Some science behind the scenes
The human body carries about 100 trillion microorganisms in its intestines, a number ten times greater than the total number of human cells in the body. It is estimated that these gut flora have around a hundred times as many genes in aggregate as there are in the human genome.
Bacteria make up most of the flora in the colon. Somewhere between 300 and 1000 different species live in the gut, with most estimates at about 500. However, it is probable that 99% of the bacteria come from about 30 or 40 species.
Fungi, protozoa, and archaea also make up a part of the gut flora, but little is known about their activities, all that is known is they work for us, not against us.
Not all the species in the gut have been identified because most cannot be cultured, and identification is difficult.
The four dominant phylum in the human gut are Firmicutes, Bacteroidetes, Actinobacteria, and Proteobacteria. Most bacteria belong to the genera Bacteroides, Clostridium, Fusobacterium, Eubacterium, Ruminococcus, Peptococcus, Peptostreptococcus, and Bifidobacterium. Other genera, such as Escherichia and Lactobacillus, are present to a lesser extent.
Species from the genus Bacteroides alone constitute about 30% of all bacteria in the gut, suggesting that this genus is especially important in the functioning of the host. The currently known genera of fungi of the gut flora include Candida, Saccharomyces, Aspergillus, and Penicillium. Archaea constitute another large class of gut flora which are important in the metabolism of the bacterial products of fermentation.
This is a very very good TED talk about intestinal flora and our microbial community in general
Jonathan Eisen: Meet your microbes
For iPad/iPhone users: tap letter twice to get list of items.
- Acute Exposure to Commonly Ingested Emulsifiers Alters Intestinal Mucus Structure and Transport Properties
- Autoimmune diseases, gastrointestinal disorders and the microbiome in schizophrenia: more than a gut feeling
- Bacteria May One Day Cure Food Allergies
- Bees – Lectures by Rudolf Steiner - Too much honey upsets the acid/alkaline balance
- Bisphenol A alters gut microbiome: Comparative metagenomics analysis
- Chocolate and the immune response
- Dr Natasha Campbell-McBride - Food is the Best Medicine
- Dr Natasha Campbell-McBride - The Gut and Psychology Syndrome (GAPS) Diet
- Dr Terry Wahls - Feeding Your Microbiome and going organic
- Effects of almond and pistachio consumption on gut microbiota composition in a randomised cross-over human feeding study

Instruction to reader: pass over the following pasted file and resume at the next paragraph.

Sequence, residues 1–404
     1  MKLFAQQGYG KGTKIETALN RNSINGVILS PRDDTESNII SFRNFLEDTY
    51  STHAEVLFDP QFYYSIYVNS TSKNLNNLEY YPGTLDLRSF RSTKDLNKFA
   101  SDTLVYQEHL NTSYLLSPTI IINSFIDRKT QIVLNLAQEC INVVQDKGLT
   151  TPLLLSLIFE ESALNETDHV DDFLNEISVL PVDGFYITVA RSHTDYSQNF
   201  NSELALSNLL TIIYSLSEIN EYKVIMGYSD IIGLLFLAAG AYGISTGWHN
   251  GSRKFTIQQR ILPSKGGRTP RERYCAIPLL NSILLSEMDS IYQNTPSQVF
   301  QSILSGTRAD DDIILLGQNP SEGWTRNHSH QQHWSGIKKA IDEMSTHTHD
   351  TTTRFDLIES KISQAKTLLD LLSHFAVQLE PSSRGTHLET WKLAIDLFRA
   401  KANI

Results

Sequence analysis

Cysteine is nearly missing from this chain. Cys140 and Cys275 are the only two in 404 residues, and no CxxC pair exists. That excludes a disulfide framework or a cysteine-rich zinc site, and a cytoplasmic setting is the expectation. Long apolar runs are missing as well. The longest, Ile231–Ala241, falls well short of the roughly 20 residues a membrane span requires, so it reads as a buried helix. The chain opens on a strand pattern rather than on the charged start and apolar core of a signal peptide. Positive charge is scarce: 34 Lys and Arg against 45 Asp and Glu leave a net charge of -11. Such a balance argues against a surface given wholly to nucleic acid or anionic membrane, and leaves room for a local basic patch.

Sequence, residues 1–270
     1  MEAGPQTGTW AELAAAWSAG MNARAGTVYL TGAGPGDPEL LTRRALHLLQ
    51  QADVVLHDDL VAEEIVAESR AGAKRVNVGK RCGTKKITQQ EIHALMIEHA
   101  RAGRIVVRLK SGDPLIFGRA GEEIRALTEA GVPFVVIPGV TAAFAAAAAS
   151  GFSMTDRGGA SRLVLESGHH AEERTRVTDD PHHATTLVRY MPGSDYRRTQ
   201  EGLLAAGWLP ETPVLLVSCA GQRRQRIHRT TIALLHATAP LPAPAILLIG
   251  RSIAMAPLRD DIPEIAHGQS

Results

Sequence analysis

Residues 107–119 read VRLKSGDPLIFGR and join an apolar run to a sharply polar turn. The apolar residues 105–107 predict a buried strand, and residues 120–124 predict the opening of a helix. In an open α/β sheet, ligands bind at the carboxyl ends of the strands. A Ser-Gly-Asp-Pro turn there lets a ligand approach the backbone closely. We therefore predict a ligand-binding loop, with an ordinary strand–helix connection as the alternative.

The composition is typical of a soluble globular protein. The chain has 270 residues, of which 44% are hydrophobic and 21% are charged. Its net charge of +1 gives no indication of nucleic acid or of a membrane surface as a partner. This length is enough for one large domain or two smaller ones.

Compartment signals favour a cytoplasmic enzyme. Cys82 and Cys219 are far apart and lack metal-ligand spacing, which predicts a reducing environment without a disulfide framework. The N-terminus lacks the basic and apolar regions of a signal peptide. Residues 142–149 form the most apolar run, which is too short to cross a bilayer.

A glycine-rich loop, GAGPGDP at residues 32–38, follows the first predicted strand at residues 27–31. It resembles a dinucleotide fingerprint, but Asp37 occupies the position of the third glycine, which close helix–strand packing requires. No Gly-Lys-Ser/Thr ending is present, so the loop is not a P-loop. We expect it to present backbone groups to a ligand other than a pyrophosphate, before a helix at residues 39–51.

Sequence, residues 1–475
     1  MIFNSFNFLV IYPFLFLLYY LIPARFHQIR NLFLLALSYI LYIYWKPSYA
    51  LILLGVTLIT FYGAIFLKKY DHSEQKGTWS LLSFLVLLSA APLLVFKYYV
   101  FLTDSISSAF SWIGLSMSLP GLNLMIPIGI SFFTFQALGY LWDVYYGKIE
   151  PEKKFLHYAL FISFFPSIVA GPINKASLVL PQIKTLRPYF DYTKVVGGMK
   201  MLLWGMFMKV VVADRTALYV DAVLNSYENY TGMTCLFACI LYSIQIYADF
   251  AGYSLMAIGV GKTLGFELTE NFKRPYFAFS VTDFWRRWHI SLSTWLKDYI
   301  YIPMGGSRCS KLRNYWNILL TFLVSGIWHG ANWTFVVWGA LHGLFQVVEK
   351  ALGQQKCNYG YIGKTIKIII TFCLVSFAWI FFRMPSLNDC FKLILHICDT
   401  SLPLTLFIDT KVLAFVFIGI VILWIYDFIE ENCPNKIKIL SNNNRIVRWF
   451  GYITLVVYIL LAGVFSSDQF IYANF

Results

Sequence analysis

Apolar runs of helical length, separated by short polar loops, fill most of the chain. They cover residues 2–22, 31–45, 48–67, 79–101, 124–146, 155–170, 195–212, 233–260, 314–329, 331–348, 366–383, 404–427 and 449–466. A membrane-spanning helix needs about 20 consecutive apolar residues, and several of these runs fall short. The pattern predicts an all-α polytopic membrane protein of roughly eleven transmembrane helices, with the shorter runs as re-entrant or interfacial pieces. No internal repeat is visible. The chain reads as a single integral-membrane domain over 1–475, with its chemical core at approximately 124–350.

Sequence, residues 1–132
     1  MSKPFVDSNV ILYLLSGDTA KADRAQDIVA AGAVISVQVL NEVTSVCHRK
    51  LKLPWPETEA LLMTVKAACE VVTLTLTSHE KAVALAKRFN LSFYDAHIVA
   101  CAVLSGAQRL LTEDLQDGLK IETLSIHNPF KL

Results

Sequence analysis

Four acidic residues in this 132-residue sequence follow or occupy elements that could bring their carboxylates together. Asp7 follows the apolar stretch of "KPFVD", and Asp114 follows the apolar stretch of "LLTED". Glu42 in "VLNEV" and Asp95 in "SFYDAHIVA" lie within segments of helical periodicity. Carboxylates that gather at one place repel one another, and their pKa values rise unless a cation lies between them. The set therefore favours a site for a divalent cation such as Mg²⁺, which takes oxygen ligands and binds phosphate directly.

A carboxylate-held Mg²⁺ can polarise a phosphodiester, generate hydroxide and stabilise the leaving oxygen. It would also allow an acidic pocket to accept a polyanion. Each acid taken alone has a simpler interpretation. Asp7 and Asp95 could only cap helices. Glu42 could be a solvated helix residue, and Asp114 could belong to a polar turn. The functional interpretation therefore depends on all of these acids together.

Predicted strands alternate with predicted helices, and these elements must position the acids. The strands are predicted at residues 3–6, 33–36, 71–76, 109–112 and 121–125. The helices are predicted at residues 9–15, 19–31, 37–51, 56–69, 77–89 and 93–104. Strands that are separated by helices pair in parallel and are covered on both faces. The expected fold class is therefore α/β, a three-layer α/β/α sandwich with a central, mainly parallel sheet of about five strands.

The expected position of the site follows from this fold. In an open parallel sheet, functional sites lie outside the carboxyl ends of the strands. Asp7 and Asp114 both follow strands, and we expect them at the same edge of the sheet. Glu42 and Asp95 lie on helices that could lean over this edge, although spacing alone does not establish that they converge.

- Immune protection of human milk
- In vitro fermentation of lupin seeds (Lupinus albus) and broad beans (Vicia faba): dynamic modulation of the intestinal microbiota and metabolomic output
- Leibniz - Letter to Damaris Masham - The aggregates of the body
- Metagenomic testing as a means of determining the cause of mental illness
- Metagenomic testing as a means of identifying the pathogen causing colorectal cancer
- Metagenomic testing as a means of identifying the pathogens causing Autism and Mood disorders
- Metagenomic testing as a means of identifying the pathogens causing Eczema
- Metagenomic testing as a means of identifying the pathogens causing Heart Disease
- Metagenomic testing as a means of identifying the pathogens causing Hypertension
- Metagenomic testing as a means of identifying the pathogens causing IBS and diarrhoea
- Metagenomic testing as a means of identifying the pathogens causing Kidney disease
- Metagenomic testing as a means of identifying the pathogens causing Parkinson's disease
- Metagenomic testing as a means of identifying the pathogens causing Schizophrenia and Manic depression
- Metagenomic testing for pathogens in gut and mouth in patients with Alzheimer's disease
- Modulation of gut microbiota by polyphenols from adlay (Coix lacryma-jobi L. var. ma-yuen Stapf.) in rats fed a high-cholesterol diet.
- Perinatal antibiotic-induced shifts in gut microbiota have differential effects on inflammatory lung diseases.
- Potential prebiotic properties of almond (Amygdalus communis L.) seeds
- Prebiotic effects of almonds and almond skins on intestinal microbiota in healthy adult humans
- Red Ginseng and Semen Coicis can improve the structure of gut microbiota and relieve the symptoms of ulcerative colitis
- The microbiome-gut-brain axis: implications for schizophrenia and antipsychotic induced weight gain
- Toxic wheat in the USA and UK